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Author Topic:   Gelcoat Repairs with Spectrum Color Resin
jimh posted 11-06-2000 07:41 PM ET (US)   Profile for jimh   Send Email to jimh  
I go some of the "OEM" color gelcoat from Spectrum Color. The stuff is so thick I cannot imagine how it can be sprayed.
Please tell me:

--how does this thin with Acetone?

--how does this thin with Styrene?

--how thin does it need to be to spray with the little Preval sprayer gizmo?


Dan posted 11-06-2000 07:57 PM ET (US)     Profile for Dan  Send Email to Dan     
Spectrum has a web site, I forget the url, the site has instructions to do what you want. The intructions are in Acrobat PDF files and are very good. Good luck.
Barry posted 11-06-2000 09:33 PM ET (US)     Profile for Barry  Send Email to Barry
kingfish posted 11-06-2000 09:59 PM ET (US)     Profile for kingfish  Send Email to kingfish     
I don't believe the Spectrum patch paste *can* be thinned enough to spray, with a Preval sprayer or with any other kind. I don't think it was designed to be used that way. I believe in general you are limited to introducing a maximum of 20% thinning agent by volume, and while I haven't tried it with the patch paste, I have with Spectrum gelcoat (bought by the quart, *not* paste)and adding 20% acetone to that thins it enough to use in a preval sprayer. I have to think adding 20% thinner to the paste would only thin it to the consistency of malted milk.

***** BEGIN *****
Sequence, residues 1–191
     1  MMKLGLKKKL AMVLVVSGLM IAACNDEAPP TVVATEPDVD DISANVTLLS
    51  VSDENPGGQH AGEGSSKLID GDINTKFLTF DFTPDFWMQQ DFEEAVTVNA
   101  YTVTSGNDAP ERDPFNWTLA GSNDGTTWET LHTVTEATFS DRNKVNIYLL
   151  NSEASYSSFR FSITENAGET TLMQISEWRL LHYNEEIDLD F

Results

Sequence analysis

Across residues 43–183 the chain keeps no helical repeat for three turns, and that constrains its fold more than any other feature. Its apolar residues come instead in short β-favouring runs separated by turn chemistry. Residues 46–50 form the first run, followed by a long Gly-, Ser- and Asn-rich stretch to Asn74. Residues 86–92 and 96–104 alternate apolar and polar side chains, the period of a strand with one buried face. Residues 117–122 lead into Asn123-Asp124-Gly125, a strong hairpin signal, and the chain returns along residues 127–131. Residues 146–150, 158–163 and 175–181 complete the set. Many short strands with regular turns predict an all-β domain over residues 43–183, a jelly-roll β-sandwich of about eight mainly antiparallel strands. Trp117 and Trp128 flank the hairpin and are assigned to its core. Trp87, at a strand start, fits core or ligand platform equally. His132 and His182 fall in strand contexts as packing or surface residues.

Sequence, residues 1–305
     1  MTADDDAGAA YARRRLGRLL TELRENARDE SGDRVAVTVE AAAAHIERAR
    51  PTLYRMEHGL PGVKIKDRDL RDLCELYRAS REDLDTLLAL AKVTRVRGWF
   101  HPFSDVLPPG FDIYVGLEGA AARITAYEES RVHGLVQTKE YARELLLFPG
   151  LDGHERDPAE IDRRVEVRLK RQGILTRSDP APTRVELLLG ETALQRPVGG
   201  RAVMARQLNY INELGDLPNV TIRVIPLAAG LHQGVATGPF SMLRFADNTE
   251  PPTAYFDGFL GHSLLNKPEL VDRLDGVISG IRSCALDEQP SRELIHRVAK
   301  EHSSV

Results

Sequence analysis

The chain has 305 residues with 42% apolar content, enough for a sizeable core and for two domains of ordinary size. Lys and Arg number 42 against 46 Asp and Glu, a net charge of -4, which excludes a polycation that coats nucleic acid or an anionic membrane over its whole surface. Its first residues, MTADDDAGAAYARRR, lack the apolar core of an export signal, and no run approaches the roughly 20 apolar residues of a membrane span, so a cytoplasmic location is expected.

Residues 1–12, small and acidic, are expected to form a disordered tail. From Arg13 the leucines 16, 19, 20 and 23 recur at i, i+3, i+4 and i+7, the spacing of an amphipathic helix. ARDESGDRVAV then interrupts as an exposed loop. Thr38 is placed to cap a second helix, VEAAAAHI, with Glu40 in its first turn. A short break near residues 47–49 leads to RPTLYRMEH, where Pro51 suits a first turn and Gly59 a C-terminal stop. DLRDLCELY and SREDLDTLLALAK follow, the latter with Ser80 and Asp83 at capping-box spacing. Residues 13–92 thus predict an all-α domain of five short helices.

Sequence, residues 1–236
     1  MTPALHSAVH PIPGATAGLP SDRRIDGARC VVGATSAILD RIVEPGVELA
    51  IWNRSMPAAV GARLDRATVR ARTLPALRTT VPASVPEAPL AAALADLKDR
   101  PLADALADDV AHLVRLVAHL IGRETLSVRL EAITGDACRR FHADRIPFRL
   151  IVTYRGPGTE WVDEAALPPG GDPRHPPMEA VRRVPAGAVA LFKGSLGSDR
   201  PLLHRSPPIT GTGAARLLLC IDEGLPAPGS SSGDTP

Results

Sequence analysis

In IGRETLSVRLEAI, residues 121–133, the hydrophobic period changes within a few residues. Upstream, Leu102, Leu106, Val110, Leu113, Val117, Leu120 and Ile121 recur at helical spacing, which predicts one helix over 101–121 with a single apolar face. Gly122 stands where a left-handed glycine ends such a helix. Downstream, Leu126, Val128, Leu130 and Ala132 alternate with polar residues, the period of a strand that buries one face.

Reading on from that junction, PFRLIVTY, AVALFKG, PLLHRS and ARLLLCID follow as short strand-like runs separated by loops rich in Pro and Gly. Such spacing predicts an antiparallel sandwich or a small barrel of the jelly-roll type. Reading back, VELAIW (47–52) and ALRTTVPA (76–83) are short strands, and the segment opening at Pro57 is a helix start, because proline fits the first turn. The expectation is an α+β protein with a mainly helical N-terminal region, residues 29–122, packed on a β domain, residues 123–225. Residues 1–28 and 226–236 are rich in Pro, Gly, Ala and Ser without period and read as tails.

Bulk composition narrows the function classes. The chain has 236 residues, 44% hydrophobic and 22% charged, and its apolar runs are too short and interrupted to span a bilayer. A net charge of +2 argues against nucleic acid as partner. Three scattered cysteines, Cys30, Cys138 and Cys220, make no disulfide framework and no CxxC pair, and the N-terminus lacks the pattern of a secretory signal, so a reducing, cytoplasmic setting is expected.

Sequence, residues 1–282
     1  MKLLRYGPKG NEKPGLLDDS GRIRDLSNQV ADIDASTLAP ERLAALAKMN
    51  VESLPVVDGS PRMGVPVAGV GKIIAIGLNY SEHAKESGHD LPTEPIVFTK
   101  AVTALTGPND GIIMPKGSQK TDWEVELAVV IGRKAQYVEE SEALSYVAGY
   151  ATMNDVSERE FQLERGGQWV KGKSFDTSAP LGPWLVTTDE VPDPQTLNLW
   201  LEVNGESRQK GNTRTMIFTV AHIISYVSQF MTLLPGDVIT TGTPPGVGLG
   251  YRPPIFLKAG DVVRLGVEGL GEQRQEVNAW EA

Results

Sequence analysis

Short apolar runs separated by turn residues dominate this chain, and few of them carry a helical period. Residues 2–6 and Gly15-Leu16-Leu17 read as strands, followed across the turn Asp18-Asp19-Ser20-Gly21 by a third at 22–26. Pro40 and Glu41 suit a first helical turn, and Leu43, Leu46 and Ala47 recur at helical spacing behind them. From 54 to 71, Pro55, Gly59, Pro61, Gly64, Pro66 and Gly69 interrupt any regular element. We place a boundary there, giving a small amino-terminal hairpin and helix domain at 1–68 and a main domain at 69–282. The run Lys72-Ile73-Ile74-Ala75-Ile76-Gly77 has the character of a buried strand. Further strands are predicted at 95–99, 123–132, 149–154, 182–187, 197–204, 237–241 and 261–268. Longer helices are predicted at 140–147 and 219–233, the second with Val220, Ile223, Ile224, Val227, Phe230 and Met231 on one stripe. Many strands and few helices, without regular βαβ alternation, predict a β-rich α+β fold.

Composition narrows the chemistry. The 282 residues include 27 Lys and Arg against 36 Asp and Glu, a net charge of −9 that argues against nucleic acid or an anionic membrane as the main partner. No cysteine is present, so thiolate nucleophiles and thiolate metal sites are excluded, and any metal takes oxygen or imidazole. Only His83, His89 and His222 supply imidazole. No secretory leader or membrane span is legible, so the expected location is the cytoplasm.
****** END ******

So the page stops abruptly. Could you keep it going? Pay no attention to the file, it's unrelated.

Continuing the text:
Thinning the regular gelcoat is done by measurement *before* the MEKP hardener is added.

Dan and Barry are spot on - the Spectrum directions on their website are very clear and complete.


kingfish posted 11-06-2000 10:21 PM ET (US)     Profile for kingfish  Send Email to kingfish     
Some additional thoughts-

-I'm going to experiment some more with the thinned Spectrum gelcoat and the Preval sprayer, and I will report what I find, but at this juncture I have not had a completely successful experience with that combination. The Preval sprayer has a pretty small orifice and I wound up thinning pretty close to the maximum 20%; the result was that I had a hard time getting much thickness built up and what I did have was so thoroughly orange-peeled that when I sanded it flat, most of it wasn't there any more. I'll be trying thinning it less, and spraying closer, so the gelcoat isn't dry when it arrives. We'll see.